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Digital twins at CERN and beyond

Discover how these virtual copies of reality are being used at CERN and what their impact is on society


A digital twin, or virtual copy, of the ATLAS experiment at CERN

A digital twin, or virtual copy, of the ATLAS experiment at CERN (Image: CERN)

“Digital twins” blur the line between the physical and the virtual. More than simulations, these virtual copies of reality incorporate real data to reshape the way we design and build, allowing us to predict real-world outcomes with astonishing accuracy. A recent workshop at CERN explored the complexities of this technology and showcased its applications.

At CERN, digital twins play a key role in high-energy physics experiments: from detector development, to designing strategies for data analytics and comparing results with theoretical models. For example, digital twins of particle collision events are used to make samples of physics processes within detectors in order to compare and evaluate the presence of new signals.

They are also used to enhance the operability of robots in a safer testing environment before integrating them into the accelerator complex. Digital twins of the cranes and the cooling and ventilation systems make it possible not only to analyse and improve CERN’s infrastructure, but also to find unidentified anomalies before they arise in real life.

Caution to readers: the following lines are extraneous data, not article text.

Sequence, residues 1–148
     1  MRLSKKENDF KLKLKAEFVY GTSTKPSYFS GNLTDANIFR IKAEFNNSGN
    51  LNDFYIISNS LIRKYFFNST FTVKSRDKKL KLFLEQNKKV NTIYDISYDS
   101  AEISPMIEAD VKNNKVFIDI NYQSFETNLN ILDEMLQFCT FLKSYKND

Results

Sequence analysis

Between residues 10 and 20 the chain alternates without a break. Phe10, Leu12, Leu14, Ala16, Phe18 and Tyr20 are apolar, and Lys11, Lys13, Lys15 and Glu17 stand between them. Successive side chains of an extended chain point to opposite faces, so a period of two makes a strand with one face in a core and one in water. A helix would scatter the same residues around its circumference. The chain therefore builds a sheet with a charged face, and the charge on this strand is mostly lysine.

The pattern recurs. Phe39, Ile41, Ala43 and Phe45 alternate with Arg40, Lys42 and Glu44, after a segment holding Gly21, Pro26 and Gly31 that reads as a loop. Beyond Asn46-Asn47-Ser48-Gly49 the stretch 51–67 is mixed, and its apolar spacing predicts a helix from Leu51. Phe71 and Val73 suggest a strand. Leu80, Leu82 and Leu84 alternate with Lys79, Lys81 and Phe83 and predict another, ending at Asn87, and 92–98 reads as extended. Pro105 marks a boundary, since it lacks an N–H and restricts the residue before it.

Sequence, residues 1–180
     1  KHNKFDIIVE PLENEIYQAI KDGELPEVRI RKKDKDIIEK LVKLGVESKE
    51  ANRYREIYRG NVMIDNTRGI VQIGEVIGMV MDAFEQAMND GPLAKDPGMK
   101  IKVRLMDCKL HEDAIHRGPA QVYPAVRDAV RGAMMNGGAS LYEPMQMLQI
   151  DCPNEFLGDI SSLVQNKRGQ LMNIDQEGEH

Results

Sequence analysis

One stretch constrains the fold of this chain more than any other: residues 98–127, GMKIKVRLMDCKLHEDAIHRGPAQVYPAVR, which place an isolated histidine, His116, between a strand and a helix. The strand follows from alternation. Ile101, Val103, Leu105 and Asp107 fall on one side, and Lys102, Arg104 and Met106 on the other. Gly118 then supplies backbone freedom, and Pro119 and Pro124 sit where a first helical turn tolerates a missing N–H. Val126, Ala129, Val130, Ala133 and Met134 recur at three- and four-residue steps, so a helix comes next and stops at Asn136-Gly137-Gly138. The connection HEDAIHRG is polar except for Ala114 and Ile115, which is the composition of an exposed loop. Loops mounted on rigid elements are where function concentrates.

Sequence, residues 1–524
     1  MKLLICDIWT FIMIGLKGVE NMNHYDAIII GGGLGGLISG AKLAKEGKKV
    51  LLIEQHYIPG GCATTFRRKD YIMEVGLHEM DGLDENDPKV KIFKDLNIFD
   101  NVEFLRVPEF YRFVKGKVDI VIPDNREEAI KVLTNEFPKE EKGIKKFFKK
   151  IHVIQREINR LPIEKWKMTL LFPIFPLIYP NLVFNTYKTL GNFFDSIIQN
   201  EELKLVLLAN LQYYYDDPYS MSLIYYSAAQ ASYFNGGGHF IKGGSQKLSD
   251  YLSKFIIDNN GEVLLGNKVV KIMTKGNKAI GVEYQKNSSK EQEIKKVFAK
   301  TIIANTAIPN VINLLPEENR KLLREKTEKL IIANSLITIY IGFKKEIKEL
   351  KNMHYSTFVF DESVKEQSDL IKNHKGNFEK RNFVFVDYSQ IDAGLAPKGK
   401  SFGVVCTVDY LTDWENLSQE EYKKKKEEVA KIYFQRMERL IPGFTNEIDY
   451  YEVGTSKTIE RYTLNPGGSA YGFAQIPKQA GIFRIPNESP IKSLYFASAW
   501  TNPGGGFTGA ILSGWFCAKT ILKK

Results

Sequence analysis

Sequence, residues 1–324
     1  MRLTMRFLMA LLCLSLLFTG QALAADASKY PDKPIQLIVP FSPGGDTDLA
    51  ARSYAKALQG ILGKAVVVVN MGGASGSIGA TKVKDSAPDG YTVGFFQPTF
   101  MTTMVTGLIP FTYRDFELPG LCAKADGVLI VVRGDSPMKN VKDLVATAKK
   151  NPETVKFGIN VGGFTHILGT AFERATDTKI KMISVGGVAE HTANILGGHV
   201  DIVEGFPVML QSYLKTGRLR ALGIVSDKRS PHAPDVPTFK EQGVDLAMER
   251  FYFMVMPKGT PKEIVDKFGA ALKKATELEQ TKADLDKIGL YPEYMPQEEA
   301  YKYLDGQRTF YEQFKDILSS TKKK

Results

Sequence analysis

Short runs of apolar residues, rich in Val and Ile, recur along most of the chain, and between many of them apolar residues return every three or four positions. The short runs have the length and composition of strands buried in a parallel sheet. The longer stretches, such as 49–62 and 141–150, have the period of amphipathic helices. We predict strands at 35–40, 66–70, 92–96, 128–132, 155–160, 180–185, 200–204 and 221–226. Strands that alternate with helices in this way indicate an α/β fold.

A digital twin of the Super Proton Synchrotron (SPS) tunnel at CERN
A digital twin of the Super Proton Synchrotron (SPS) tunnel at CERN, taken from the PLM unit in the Engineering Department. (Image: CERN)

Beyond CERN, digital twins are crucial in optimising production and ensuring equipment safety in manufacturing and industry. In healthcare, they assist in patient data analysis, surgical planning and training. They play a pivotal role in design, testing, and simulation in aerospace, automotive and aviation industries. They also contribute significantly to smart city initiatives, aiding in urban planning and infrastructure management.

The recent workshop examined shared challenges, showcased reusable development frameworks, and sparked discussion on strategic approaches within the digital twin domain at CERN. The enthusiastic response has led to a follow-up digital twin workshop, foreseen for summer 2024, with planned inclusion of industry and academic participants from outside CERN. For more information, contact digital-twins@cern.ch.  

As these digital doppelgangers continue to bridge the realms of reality and the virtual, their impact on society is clear. With the power to revolutionise industries, advance scientific discovery, optimise infrastructure and enhance healthcare, digital twins are not just a technological marvel, but a catalyst for building a smarter, safer and more sustainable future for us all.